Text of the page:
Acknowledgement and Acceptance:

 ________________________________________________ _________________________________ Signature Date

 


My Comments on the Contracts

I’m not as hostile to these documents as some are, but parts of them are troubling for everyone and other parts are troubling particularly for us political bloggers.

Let’s start with the Realpolitik of the presentation of these documents: for the most part, it’s not being done for the benefit of Bernie’s campaign, but for the benefit of the DNC and the Biden campaign. Why is Bernie going along with it?  I see three possibilities:

  1. This may be what Bernie has been told that he has to do to keep his delegates from being taken away, which the DNC could do if it is batshit crazy and wants to drive away leftists — in which event it’s rotten. 
  2. It also could be something that Bernie is doing because he wants to have more influence on the policy process and the campaign — and this is the price for that access.  That would be unfortunate, but commonplace.
  3. It may simply be that, recognizing that he lost the nomination contest, Bernie believes that the best way to defeat Trump — which he has said is his top priority — is for his delegates not to engage in the sort of protest and criticism that this document seeks to prevent.  In that case, it’s Bernie’s call and being made for a good reason.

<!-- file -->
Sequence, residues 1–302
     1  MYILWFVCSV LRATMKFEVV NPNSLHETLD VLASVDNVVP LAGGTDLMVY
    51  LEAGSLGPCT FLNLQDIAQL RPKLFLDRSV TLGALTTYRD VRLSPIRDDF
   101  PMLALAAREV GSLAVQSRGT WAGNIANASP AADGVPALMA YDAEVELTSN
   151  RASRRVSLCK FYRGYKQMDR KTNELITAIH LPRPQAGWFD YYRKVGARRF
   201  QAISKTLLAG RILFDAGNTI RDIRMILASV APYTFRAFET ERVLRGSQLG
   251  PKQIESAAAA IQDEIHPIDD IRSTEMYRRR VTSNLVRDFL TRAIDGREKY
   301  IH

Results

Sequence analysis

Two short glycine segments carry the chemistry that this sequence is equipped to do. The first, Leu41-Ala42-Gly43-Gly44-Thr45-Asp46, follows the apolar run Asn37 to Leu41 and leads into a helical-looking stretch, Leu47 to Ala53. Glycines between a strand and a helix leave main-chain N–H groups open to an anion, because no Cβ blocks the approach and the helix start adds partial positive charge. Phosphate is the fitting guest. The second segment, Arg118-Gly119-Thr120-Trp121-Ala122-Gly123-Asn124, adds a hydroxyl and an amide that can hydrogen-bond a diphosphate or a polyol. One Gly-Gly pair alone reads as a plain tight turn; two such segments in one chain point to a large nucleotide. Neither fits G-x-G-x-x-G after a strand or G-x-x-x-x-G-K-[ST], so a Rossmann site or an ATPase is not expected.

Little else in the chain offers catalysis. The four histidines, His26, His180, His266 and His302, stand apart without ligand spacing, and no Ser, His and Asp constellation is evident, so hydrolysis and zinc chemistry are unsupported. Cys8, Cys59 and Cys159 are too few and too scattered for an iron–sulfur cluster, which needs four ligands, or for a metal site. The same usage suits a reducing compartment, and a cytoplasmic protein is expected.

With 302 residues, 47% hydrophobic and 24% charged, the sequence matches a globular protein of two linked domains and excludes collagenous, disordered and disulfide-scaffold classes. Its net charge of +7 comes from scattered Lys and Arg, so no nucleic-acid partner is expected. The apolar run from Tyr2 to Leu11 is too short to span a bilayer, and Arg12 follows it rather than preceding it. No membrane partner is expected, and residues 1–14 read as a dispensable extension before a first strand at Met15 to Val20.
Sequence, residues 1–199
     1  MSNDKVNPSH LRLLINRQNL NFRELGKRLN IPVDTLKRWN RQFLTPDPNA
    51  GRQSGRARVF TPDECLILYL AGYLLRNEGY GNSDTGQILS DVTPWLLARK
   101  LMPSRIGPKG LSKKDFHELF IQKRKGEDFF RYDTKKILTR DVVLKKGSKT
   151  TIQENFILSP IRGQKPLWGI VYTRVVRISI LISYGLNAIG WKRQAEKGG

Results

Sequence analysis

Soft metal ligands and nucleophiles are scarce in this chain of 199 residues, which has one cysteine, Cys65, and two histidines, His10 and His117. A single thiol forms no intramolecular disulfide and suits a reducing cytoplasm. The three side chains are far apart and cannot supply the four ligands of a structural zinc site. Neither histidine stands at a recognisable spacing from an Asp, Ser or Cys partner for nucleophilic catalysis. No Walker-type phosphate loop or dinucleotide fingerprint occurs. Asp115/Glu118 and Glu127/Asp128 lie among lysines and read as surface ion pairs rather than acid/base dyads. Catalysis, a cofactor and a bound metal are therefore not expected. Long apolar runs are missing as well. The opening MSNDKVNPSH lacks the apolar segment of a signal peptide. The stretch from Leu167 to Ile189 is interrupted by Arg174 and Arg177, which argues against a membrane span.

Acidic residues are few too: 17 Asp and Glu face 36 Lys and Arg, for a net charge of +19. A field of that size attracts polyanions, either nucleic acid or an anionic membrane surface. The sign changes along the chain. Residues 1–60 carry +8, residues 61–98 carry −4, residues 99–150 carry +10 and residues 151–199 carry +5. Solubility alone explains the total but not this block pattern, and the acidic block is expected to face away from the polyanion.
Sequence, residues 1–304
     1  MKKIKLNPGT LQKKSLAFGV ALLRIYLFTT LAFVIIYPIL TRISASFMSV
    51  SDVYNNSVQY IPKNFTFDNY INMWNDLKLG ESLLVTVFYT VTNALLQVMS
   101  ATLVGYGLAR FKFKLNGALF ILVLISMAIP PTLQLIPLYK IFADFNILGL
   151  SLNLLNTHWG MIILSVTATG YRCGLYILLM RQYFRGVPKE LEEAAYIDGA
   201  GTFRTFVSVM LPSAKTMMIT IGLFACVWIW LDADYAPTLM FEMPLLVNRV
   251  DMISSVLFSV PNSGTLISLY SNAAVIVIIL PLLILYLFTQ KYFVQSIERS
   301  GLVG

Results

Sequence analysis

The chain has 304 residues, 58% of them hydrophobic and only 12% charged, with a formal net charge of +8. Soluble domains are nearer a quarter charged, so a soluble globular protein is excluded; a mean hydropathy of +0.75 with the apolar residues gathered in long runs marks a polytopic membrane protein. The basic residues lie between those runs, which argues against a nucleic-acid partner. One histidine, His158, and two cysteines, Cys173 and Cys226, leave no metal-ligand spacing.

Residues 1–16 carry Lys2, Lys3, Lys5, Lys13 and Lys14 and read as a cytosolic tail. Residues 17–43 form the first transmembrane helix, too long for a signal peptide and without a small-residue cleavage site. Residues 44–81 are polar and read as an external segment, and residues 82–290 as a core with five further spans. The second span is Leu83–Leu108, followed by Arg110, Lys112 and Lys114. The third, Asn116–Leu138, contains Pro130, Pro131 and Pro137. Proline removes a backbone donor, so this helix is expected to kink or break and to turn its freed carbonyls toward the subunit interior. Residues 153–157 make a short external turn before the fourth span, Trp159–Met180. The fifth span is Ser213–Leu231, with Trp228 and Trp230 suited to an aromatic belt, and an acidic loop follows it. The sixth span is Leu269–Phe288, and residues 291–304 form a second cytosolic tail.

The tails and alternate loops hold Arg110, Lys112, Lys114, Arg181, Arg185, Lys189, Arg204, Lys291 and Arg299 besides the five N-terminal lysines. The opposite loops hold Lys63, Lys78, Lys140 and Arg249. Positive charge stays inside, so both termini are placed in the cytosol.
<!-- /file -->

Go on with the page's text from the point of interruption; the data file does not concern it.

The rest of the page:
I’ll take the documents in the reverse order: in other words from least objectionable to most so.

NON-DISCLOSURE [CONFIDENTIALITY] AGREEMENT

This is a pretty basic “trade secrets” document that is common in campaigns (and in commercial companies.)  I’ll go paragraph by paragraph:

  1. Delegates cannot disclosure information about the campaign’s business activities.  In other words, “no leaks.”  That’s fair to ask.  People may do it anyway, but they should promise not to do so.
  2. This includes all sorts of documents as specified in paragraph (b).  Ok.
  3. Establishes an exception for legal procedures if the campaign is notified within five days after the need arises so that it can challenge the release of such information. Reasonable.
  4. Copies of information, including material produced by the delegate, are the property of the campaign, not the delegate.  Standard — for employees.  Unusual for non-employees, but I doubt we’re going to create such material anyway.
  5. The confidential information must be returned to the campaign when the person leaves.  Standard.
  6. The requirements not to leak information survive the departure of the delegate from the campaign.  Understandable.  But note that this provision does NOT apply to the other two documents.
  7. The document cannot be modified except in writing with signature of an officer of the campaign.
  8. Integration clause: if one part is struck down, the rest remain.  Ok.
  9. Campaign can veto (and demand share of profit from) any works created based on delegate’s participation in the campaign.  Hard-nosed, hard to enforce, and likely to backfire.  This article, for example, comes from the Washington Post article, not confidential work for the campaign.  Luckily, I don’t get compensated from writing here anyway.